By Rebecca Day During a series of lectures on her style of fiction writing, Ayn Rand concluded, “Every writer is a moral philosopher.” I discovered this passage as part of that lecture series only recently in a book published posthumously, The Art of Fiction, a Guide for Writers and Readers. If I’d read it a decade ago, my life might have taken a very different path.
If you know me, you’ve heard me call Twitter a ‘cesspool.’ That’s one of the few absolutes I believe. Yet every day I do a drive-by (or a few) on that site to keep up with music and news. I often roll my eyes at some of the Tweets. But every now and then Twitter redeems itself because I learn about musicians I probably wouldn’t have come across otherwise. Today I ‘met’ Charlie Shafter, and once again, I proclaimed Twitter’s (temporary) redemption.
I’m late to the table when it comes to Ken Burns’ epic film series The Vietnam War. I hesitated to watch it for several reasons. First among them: politics. I lived through that era, and although I was young, my uncle, who was like a brother, served three tours. Another boy I’d gone to school with for years lost his life in that war. I wasn’t in the mood for negativity towards those who were required to serve.
Jamey Johnson bought his famous guitar “Ole Maple” shortly after he finished boot camp in the US Marine Corps at Parris Island (SC). Johnson said he walked into Bailey Brothers in Montgomery (AL) in 1995, and he said he played every guitar on the wall before making up his mind. Johnson’s guitar is famous among his fans, but what many of us didn’t know is what he did to get Willie Nelson to autograph it.
Music LinkUp is now live, and my initial reaction is that this site could become addicting. I wasn’t quite sure to expect when I wrote about the site in June as the reveal date approached. I spent some time there this morning, and there’s so much to explore, I’ll have to set aside some time in coming days. I will say there’s a tremendous amount of potential here for all manner of musicians and associated creatives.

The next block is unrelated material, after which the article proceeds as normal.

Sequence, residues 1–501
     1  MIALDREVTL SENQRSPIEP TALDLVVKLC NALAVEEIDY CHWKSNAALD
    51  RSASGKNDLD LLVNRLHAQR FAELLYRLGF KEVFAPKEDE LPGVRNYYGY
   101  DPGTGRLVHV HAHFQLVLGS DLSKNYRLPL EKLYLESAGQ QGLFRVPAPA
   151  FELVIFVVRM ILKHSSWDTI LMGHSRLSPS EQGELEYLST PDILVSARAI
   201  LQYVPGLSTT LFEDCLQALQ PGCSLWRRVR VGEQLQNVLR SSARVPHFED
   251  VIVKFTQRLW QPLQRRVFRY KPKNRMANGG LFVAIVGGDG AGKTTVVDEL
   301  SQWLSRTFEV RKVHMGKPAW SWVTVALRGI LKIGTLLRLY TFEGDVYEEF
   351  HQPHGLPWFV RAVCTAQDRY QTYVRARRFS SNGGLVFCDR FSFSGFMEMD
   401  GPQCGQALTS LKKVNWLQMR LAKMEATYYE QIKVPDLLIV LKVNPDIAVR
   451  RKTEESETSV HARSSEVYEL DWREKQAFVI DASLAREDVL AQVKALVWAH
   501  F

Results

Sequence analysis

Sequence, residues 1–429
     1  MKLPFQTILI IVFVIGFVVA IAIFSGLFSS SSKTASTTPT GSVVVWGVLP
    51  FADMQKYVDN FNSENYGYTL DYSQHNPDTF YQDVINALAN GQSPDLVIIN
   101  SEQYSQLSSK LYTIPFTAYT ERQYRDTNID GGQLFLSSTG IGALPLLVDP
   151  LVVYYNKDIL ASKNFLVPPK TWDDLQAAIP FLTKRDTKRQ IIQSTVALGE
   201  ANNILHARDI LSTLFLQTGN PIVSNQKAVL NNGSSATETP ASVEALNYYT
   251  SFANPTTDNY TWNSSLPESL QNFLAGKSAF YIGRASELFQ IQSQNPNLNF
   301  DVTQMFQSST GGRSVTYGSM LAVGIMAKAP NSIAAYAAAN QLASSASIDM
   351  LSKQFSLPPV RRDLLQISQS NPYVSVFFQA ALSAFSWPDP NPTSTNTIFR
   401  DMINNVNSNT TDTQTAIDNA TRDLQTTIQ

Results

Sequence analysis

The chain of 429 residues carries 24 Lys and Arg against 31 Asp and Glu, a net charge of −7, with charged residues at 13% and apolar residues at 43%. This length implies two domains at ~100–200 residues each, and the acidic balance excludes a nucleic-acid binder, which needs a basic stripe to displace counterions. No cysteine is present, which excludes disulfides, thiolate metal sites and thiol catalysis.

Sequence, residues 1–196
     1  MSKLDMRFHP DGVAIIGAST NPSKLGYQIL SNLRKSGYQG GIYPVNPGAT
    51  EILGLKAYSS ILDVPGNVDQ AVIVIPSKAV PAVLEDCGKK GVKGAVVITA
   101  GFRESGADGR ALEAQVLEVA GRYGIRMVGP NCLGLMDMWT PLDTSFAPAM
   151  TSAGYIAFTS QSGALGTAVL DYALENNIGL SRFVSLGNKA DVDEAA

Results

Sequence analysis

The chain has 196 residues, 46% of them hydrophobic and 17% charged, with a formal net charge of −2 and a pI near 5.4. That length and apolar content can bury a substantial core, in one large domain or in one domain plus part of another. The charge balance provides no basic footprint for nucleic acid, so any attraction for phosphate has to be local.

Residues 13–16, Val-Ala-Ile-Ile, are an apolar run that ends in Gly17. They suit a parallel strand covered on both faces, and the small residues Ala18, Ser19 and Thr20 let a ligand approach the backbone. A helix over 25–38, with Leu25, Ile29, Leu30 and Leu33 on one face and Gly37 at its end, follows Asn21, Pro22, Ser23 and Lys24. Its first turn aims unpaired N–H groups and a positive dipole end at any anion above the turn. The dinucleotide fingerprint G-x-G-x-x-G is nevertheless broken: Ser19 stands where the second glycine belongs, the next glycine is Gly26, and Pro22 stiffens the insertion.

July 2 is World UFO Day, and it’s a given that many Americans are interested in mysteries the heavens hold. Mysteries in the sky have intrigued mankind dating to antiquity. Power brokers have expressed interest in unidentified flying objects, and a famous author whose works date to the 1950s is now considered a visionary. Even the US Naval Institute has documented photos of objects that haven’t been identified. The USA is an imagination nation for sure, but governments traditionally weren’t exactly forthcoming about such mysteries.
A story at Billboard about a recent effort at CMA Fest in Nashville confirmed what we’d already learned. CDs are still a staple for country fans, and probably for indie fans as well. In an effort to up their share of the market, streaming services like Amazon, Spotify, and iHeart Radio took action and had a larger presence at this year’s Country Music Association event. Crunching numbers leads to some interesting insights.
Unless you are completely off the grid, chances are you’re aware of the controversy Facebook is dealing with over user data. Facebook isn’t alone—different social media and news entities face challenges domestically and globally. Amid the uproar, there’s something to consider if you’re an indie blogger.
Will CDs soon go the way of the cassette tape? Maybe. Maybe not.
What gives a song shelf life? What makes some songs so special they’re still relevant a century after being written? Tips on songwriting can be found at various industry websites, but one tip posted at Broadcast Music Inc. (BMI) raised my eyebrows and made me ask myself a question. Is “simple” really the best advice for how art should proceed?